Designer, interior architect and town-planner, Charlotte Perriand revolutionized designs from the 30s by creating chrome metal structures for the public. Far from a classicist, she constantly insisted that "We are the modern people [...], we represent our generation!" Let's take a closer look at this revolutionary woman.
Collaborations with Le Corbusier and Pierre Jeanneret
It all started in 1927, when her piece "Bar sous le toit" (bar under the roof) exhibited at the Autumn Fair, was praised by the press and recognized by Le Corbusier for its modernity. This marked the start of a ten-year collaboration between Charlotte Perriand, Le Corbusier and Pierre Jeanneret at a Parisian workshop at 35 rue des Sèvres. Very quickly, the young woman put her mark on the space layout and created her own style of furniture. She gave the environment a more human dimension, mixing industrial and traditional styles.
The influence of Japanese culture
In 1940, invited by the Japanese Minister of Commerce and Industry, Charlotte Perriand left for Tokyo, where she had been invited to share her expertise on industrial design. She would stay there until 1943. Inspired by the Japanese way of life, she set herself the challenge of creating new raw materials, making her most famous pieces, a chaise longue and a foldable armchair, out of bamboo. Her goal was to preserve the qualities of artisanal production and apply the techniques to Western uses.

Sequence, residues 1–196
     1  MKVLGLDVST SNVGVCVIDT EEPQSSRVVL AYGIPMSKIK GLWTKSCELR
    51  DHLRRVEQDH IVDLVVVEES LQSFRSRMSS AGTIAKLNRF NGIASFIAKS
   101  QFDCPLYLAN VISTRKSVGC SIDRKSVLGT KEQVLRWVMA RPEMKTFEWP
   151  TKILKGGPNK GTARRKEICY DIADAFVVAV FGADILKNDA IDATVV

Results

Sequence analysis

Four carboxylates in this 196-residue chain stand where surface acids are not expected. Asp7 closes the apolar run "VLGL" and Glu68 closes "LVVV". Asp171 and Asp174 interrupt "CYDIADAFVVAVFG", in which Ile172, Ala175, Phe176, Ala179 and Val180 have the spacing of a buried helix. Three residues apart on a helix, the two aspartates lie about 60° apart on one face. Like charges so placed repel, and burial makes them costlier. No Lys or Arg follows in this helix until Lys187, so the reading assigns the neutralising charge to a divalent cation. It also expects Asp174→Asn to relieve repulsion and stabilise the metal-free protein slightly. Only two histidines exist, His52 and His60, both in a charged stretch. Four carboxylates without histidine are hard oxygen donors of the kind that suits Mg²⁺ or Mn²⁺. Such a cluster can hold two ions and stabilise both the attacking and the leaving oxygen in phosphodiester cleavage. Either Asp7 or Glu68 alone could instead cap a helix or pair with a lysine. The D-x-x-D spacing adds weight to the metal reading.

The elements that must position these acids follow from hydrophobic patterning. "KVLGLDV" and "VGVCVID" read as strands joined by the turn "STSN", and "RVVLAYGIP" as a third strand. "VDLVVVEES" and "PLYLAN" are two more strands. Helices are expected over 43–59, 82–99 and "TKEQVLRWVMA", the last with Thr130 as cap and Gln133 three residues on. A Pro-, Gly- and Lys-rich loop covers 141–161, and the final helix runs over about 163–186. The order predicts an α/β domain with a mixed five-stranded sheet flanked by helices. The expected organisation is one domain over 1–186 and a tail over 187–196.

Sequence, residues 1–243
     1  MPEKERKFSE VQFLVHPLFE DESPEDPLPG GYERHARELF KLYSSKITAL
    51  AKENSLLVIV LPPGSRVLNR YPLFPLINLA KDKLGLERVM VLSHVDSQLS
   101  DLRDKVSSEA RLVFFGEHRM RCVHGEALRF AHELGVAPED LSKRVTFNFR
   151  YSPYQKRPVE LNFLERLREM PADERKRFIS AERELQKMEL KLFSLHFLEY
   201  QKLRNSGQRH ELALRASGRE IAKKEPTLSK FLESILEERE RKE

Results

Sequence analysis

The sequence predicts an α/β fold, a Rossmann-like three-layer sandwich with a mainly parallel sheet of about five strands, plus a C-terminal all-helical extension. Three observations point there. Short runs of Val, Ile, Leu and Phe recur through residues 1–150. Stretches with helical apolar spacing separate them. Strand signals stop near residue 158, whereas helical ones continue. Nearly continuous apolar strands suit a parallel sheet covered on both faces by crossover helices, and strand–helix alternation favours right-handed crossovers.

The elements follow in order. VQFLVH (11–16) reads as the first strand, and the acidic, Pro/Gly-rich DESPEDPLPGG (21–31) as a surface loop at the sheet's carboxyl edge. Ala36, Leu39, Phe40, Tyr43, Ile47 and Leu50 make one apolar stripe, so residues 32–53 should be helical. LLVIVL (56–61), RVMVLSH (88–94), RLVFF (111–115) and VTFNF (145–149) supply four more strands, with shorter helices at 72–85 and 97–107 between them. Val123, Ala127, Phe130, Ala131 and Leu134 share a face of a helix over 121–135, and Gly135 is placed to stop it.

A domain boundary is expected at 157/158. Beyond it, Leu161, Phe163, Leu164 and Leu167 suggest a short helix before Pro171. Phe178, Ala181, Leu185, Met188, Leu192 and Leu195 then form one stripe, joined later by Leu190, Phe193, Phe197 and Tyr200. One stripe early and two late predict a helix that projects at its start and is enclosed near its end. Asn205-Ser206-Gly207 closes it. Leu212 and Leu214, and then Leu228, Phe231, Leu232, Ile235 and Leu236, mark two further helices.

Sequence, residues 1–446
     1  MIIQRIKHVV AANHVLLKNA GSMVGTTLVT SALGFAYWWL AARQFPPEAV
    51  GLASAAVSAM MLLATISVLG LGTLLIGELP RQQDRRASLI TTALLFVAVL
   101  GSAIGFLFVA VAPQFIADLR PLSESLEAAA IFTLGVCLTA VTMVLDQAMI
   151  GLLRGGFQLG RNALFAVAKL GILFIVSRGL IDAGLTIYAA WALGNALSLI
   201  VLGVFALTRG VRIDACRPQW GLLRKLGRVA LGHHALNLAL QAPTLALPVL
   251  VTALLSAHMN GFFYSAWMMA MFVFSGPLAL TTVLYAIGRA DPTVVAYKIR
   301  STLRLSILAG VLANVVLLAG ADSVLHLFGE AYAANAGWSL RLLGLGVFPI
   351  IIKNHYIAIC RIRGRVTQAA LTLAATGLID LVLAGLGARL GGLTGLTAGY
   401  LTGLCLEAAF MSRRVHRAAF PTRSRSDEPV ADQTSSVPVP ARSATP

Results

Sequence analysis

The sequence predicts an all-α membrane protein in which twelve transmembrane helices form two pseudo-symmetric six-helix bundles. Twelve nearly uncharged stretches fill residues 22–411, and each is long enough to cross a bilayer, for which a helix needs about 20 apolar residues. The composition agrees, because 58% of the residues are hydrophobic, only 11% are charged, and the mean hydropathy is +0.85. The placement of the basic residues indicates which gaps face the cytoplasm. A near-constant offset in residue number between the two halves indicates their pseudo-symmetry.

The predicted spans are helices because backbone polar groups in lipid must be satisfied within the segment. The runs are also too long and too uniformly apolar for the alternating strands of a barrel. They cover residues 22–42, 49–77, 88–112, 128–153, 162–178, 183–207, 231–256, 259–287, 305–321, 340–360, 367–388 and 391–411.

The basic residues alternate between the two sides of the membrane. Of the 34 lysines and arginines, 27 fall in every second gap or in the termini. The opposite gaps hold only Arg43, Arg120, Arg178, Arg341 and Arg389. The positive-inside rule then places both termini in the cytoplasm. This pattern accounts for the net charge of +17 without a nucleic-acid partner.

Creations that get down to basics
Back in Paris, Charlotte worked on the creation of practical and economic furniture for the Anthony University campus. An interior without embellishments, because "any attempt to dress up a piece of furniture should be avoided" according to the architect. Following this, several collective equipment programs were also created in a similar purist style, such as the Maison de la Tunisie and the Maison du Mexique in Paris. Passionate about the mountains, she also helped in the creation of several ski resorts, taking care to position the bedrooms towards the exterior and installing large bay windows to create a dialogue between nature and the interior.
Just like Madame, who worked tirelessly for the emancipation of women, Charlotte Perriand worked to improve man's quality of life, whether they be a workman, student or manager, by creating comfortable and functional environments.